Throughout the five days there were plots and counter-plots. New Zealand, comprehensively outplayed at Trent Bridge, had much the better of the contest and will now be a more difficult side to beat.
Dion Nash, who had seemed at best a willing workhorse, had the game of his life, Matthew Hart has shown himself to be an able left-arm spinner who will get better, Shane Thomson has announced that he will soon be a genuine all-rounder at this level and everyone contributed.
There was the joy of an exquisite hundred from Martin Crowe. Then, there was Ken Rutherford's captaincy which provided the spark of ignition.
He had acquired the job by default and before this match looked as if he would hold on to it only until someone else came along. Now, he thought and probed as he tried to exploit perceived weaknesses in the England batsmen. He was the man pulling the strings.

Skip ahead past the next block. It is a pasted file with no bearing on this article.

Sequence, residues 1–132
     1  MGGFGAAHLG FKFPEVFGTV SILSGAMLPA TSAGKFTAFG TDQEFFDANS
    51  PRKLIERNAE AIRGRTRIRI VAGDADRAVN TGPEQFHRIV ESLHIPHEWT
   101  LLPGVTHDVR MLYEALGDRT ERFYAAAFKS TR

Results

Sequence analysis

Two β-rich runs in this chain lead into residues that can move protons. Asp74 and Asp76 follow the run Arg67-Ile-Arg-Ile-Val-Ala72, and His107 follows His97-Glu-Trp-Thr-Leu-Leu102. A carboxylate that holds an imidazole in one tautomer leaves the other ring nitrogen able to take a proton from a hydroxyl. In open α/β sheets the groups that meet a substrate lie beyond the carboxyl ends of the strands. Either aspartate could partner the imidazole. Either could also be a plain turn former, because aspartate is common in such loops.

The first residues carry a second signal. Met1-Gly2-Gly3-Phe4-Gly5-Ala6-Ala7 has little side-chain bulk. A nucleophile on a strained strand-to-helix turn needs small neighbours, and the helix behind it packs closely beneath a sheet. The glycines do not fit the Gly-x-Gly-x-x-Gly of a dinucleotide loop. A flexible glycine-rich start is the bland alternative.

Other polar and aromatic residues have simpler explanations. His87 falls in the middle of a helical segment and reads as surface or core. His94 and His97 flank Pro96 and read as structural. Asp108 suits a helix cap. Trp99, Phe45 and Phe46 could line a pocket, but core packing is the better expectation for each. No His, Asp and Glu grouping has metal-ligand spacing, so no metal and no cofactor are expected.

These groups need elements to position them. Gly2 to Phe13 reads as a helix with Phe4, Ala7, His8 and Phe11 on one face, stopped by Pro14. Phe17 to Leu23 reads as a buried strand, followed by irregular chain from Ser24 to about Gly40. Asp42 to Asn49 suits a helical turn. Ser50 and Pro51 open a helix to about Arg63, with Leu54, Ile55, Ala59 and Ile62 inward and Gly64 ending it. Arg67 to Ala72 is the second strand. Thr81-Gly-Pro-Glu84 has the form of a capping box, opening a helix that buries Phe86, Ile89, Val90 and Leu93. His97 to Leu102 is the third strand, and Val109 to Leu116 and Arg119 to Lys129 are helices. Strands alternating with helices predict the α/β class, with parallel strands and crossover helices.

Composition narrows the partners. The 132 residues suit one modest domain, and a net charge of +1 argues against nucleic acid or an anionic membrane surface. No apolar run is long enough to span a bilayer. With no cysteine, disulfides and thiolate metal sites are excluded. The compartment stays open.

The moment of greatest surprise came after lunch on the last day. Robin Smith was caught behind cutting at Nash soon after lunch and then for his next few overs Nash tormented Graeme Hick with short balls on and around the off stump which had one thinking back to Headingley, Hick and Curtly Ambrose in 1991. Nash found more lift in this match than anyone.